Farrakhan Defends Omar’s 9/11 Remarks, Appealing to Conspiracy Theories

US
Nation of Islam leader Louis Farrakhan addresses the audience at the metropolitan African Methodist Episcopal Church in Washington on June 24, 2015. (Carlos Barria/REUTERS)

Nation of Islam founder and notorious anti-Semite Louis Farrakhan defended Representative Ilhan Omar’s glib description of the September 11 attacks Monday by dismissing the attacks as nothing more than a false-flag operation designed to draw the U.S. into Middle Eastern conflicts.

In a video posted to YouTube last year and tweeted out Monday by the Nation of Islam account, Farrakhan accuses the Bush administration of orchestrating the 9/11 attacks in order “to get the country into war at the expense of young patriotic men and women.”

“3,133 Scientists Back Ilhan Omar on 9/11 Deep skepticism exists about the gov’t version of 9/11. Many experts—architects & engineers—say the World Trade Center Towers were destroyed in a controlled demolition. Listen to @LouisFarrakhan #IStandWithIlhan,” reads the tweet, which includes a link to the video.

The tweet expresses Farrakhan’s support for Omar, who has received an onslaught of criticism from Republican lawmakers and conservative pundits for using the phrase “some people did something” to describe the World Trade Center attacks, which killed more than 3,000 Americans.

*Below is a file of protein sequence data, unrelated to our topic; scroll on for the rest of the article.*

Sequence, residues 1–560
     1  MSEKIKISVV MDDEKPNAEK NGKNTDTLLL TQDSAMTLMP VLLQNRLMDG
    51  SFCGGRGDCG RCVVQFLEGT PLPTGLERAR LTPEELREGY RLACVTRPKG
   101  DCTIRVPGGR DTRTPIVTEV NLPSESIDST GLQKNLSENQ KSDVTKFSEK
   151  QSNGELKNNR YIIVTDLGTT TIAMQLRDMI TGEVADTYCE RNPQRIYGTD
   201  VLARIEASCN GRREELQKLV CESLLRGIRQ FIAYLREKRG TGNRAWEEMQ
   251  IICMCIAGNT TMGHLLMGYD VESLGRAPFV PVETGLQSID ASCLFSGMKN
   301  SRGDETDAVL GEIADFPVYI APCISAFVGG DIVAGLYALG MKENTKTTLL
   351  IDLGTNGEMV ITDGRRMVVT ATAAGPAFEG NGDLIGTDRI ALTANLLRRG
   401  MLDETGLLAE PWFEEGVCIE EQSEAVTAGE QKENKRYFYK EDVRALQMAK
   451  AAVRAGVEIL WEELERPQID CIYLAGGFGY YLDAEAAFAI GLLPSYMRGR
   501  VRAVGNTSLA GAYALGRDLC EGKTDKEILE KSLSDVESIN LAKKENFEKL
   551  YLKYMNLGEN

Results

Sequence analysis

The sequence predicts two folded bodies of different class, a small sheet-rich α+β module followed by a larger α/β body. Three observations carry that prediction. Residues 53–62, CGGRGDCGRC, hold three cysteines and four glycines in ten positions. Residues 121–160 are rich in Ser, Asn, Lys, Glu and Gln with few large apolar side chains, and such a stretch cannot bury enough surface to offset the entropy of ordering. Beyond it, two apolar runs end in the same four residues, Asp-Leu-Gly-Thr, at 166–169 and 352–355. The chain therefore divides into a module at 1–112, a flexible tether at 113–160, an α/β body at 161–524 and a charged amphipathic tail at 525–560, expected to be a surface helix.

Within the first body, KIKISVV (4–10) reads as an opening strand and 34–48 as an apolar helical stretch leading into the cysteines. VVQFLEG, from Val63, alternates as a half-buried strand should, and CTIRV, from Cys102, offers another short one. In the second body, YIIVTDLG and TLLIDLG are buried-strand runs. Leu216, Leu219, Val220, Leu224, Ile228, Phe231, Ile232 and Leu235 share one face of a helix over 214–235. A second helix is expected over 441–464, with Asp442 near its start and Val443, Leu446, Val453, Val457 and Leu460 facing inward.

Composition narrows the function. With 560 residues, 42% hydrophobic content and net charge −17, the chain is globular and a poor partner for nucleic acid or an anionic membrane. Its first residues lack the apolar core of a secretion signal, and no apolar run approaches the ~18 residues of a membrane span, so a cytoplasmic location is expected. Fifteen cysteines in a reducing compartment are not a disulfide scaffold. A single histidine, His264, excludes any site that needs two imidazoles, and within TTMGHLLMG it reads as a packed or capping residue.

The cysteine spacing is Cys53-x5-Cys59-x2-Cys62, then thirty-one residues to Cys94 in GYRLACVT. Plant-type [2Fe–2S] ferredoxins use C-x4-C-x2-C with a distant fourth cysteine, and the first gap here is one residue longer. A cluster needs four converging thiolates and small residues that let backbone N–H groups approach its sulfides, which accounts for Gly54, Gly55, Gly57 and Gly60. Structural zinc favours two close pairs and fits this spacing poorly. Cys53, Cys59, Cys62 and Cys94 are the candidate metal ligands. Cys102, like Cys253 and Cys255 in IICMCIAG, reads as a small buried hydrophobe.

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Farrakhan has previously blamed a cabal of highly placed Jewish government officials for helping to execute the attacks.

“There were many Israelis and Zionist Jews in key roles in the 9/11 attacks,” he said in 2015.

Omar referred to the attack as “something” during a speech before the the Council on American-Islamic Relations last week, in which she also falsely claimed that the group was founded to fight the anti-Muslim discrimination that followed the 9/11 attacks. The organization, which has ties to the Hamas terror, was actually founded in 1994.

The backlash against Omar escalated after the New York Post printed her words on the front cover along with an image of the twin towers at the moment of impact. President Trump then joined fray, tweeting out a video montage of the attacks accompanied by Omar’s words.

In a video that surfaced last week, Omar can be seen dismissing the threat posed by al-Qaeda and other Islamic terror groups as a laughing matter and mocking Americans who display discomfort when discussing the groups, who she implies are no different than the American or British governments.

Omar, who has been accused of making anti-Semitic remarks on numerous occasions since taking office, continued to enjoy the support of fellow freshman representatives Alexandria Ocasio-Cortez of New York and Rashida Tlaib of Michigan, both of whom have accused her critics of using the 9/11 attacks to further a racist narrative about her.

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